You are probably aware by now that Supreme Court Justice Clarence Thomas has published a memoir. The interview-avoiding judge has lately been giving, as Kathryn Jean Lopez puts it, “a lifetime of interviews.”

Given the controversy surrounding his public life since his nomination to the Court, not much remains to be said about him, good or bad, that has not already been said. Suffice it to say that I draw attention to him now because: 1) My own view is that he is one the most interesting figures in 20th-century American history; 2) His record as a strict constructionist is a model of jurisprudence; 3) He once graced Acton’s annual dinner as the keynote speaker (you can still buy the CD); 4) He was spotted later at a D.C. area gym, wearing the Acton T-shirt that was presented to him at the dinner (or so goes the story much-repeated in the offices of the Institute).

Here’s a long interview with Thomas by Jan Crawford Greenburg of ABC. Here’s the Lopez interview on NRO.

Blog author: jballor
posted by on Wednesday, October 3, 2007

A quote from T. H. Green, refuting the view that the law’s “only business is to prevent interference with the liberty of the individual,” construed as doing what you like as long as it does not infringe on others’ rights to do what they want. Green writes:

The true ground of objection to ‘paternal government’ is not that it violates the ‘laissez faire’ principle and conceives that its office is to make people good, to promote morality, but that it rests on a misconception of morality. The real function of government being to maintain conditions of life in which morality shall be possible, and morality consisting in the disinterested performance of self-imposed duties, ‘paternal government’ does its best to make it impossible by narrowing the room for the self-imposition of duties and for the play of disinterested motives.

From Green’s Lectures on the Principles of Political Obligation (PDF) [1883], quoted in Himmelfarb, The De-Moralization of Society, p. 152.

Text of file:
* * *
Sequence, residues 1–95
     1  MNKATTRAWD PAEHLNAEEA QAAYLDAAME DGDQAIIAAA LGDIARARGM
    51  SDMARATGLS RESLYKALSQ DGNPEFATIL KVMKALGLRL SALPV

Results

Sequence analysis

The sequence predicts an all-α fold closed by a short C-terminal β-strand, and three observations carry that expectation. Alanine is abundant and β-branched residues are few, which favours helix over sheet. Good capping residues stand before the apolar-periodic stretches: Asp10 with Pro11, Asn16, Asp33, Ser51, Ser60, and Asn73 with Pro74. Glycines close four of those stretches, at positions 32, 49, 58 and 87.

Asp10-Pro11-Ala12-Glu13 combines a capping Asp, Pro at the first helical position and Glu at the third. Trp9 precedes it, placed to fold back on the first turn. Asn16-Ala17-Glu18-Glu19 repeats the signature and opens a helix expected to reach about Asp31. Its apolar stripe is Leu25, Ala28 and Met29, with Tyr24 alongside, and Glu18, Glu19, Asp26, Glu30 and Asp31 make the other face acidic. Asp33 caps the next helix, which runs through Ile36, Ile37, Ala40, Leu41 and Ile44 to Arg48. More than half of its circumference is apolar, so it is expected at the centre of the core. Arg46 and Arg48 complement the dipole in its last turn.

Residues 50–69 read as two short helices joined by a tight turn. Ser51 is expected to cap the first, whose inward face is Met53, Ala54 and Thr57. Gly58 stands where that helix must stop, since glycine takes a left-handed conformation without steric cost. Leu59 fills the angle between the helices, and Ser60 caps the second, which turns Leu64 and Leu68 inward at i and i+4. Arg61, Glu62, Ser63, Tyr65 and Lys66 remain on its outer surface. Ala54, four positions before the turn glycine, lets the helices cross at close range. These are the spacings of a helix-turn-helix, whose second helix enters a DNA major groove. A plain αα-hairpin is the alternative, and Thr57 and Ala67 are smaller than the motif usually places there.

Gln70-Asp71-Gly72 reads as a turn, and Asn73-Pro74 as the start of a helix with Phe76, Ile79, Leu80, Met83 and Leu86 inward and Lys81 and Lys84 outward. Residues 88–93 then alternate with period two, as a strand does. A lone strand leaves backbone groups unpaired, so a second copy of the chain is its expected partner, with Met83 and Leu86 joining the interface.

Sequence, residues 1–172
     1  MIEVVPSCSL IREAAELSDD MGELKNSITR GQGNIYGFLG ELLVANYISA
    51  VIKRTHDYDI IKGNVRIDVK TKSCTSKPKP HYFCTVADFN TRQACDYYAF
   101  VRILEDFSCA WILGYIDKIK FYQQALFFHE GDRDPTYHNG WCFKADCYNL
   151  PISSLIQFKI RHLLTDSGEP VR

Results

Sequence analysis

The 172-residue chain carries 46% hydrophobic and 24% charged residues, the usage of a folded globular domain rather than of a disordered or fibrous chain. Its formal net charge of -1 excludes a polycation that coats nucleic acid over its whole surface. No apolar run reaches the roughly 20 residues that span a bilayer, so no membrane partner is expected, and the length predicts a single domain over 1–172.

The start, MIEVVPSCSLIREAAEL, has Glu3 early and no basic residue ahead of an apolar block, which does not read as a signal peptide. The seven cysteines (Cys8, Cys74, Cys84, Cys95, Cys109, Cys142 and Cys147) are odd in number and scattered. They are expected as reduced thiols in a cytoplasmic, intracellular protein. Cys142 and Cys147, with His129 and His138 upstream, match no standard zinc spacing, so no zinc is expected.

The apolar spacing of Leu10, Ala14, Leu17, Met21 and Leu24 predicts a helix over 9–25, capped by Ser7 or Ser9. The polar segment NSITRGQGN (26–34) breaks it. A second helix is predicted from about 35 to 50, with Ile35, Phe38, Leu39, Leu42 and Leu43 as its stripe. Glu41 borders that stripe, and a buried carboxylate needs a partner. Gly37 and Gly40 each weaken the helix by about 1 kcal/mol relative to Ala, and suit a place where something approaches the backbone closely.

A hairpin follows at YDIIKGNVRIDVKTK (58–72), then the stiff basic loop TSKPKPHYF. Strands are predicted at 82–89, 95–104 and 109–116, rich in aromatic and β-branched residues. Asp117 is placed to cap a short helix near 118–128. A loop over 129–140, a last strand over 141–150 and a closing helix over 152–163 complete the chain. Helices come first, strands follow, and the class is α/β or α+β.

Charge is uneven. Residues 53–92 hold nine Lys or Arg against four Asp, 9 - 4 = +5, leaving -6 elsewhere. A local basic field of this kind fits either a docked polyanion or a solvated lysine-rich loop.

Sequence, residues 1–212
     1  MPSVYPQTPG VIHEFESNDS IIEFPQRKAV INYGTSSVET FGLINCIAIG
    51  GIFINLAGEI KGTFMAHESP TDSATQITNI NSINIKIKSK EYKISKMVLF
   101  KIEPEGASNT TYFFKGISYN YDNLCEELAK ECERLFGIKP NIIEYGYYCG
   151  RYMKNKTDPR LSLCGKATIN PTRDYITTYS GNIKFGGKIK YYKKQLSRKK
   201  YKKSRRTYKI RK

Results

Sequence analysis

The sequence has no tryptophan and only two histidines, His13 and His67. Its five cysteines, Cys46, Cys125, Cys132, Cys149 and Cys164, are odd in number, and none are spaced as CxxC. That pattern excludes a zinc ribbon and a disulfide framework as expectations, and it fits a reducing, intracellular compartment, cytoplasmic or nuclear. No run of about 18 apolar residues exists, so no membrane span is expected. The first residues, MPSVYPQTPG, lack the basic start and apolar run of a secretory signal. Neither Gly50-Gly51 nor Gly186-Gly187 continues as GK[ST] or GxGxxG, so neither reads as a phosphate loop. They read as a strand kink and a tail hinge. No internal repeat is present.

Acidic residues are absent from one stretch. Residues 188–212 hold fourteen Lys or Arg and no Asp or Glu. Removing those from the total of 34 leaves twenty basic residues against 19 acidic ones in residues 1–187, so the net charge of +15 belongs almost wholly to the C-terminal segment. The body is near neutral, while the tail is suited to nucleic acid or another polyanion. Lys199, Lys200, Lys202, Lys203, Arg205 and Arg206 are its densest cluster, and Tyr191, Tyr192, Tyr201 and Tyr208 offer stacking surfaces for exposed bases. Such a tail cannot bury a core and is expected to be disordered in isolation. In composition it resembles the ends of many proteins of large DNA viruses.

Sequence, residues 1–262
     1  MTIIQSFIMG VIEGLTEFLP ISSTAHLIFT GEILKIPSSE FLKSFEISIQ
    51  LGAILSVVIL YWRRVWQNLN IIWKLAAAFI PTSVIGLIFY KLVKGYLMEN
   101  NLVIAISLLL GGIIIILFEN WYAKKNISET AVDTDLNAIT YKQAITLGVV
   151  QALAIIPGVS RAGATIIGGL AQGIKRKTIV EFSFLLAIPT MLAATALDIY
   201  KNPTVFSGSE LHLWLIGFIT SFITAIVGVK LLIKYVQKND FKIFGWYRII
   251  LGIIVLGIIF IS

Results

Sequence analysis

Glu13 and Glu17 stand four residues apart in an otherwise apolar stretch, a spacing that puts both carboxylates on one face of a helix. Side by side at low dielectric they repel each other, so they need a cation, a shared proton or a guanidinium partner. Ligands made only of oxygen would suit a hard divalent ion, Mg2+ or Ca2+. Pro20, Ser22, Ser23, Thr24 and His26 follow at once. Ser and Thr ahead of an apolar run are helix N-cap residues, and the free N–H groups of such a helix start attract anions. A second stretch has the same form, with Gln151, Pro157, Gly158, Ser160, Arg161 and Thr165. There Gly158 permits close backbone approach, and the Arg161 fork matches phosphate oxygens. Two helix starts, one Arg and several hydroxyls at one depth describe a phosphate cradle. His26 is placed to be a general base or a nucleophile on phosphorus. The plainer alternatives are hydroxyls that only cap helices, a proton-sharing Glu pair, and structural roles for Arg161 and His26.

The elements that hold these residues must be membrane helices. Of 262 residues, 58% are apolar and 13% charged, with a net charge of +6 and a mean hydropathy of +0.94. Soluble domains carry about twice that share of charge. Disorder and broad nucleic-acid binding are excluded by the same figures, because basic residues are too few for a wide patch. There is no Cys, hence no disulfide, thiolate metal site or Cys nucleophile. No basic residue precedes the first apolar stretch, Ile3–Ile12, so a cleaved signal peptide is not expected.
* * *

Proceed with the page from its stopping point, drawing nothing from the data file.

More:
See also, “Moral Duties and Positive Rights.”

Blog author: jballor
posted by on Wednesday, October 3, 2007

Related to last week’s post about Reformed education and Pentecostalism, I point you to this post by Rod Dreher, who discusses his interview with Josiah Idowu-Fearon, the Anglican Archbishop of Kaduna state in Nigeria. Dreher relates the following:

Pentecostalism is growing like wildfire, but there’s less to it than you might think. He said that in many cases, people are drawn to the emotional experience, and can tell you exactly when they gave their life to Jesus — but can’t tell you a single thing about Christian doctrine. He said they’re finding in Nigeria that lots of the neo-charismatics have no discipline at all — that they’re living exactly as they had before, but now with a Christian gloss. The substance of the faith hasn’t penetrated and changed their behavior.

Additionally, the archbishop pointed to the connection between the prosperity gospel and poverty: “He also said that Pentecostalism is a response to the poverty of the Third World.” You can look forward to a more complete interview with the archbishop in a forthcoming edition of the Dallas Morning News.

Blog author: mvandermaas
posted by on Tuesday, October 2, 2007

An interesting article in the Los Angeles Times detailing how badly wrong Robert Mugabe’s supporters in the West have been from the very beginning (requires “free” registration; may I suggest BugMeNot?):

From the beginning of his political career, Mugabe was not just a Marxist but one who repeatedly made clear his intention to run Zimbabwe as an authoritarian, one-party state. Characteristic of this historical revisionism is former Newsweek southern Africa correspondent Joshua Hammer, writing recently in the liberal Washington Monthly that “more than a quarter-century after leading his guerrilla army to victory over the racist regime of Ian Smith in white-minority-ruled Rhodesia, President Robert Mugabe has morphed into a caricature of the African Big Man.”

But Mugabe did not “morph” into “a caricature of the African Big Man.” He has been one since he took power in 1980 — and he displayed unmistakable authoritarian traits well before that. Those who were watching at the time should have known what kind of man Mugabe was, and the fact that so many today persist in the contention that Mugabe was a once-benign ruler speaks much about liberal illusions of African nationalism.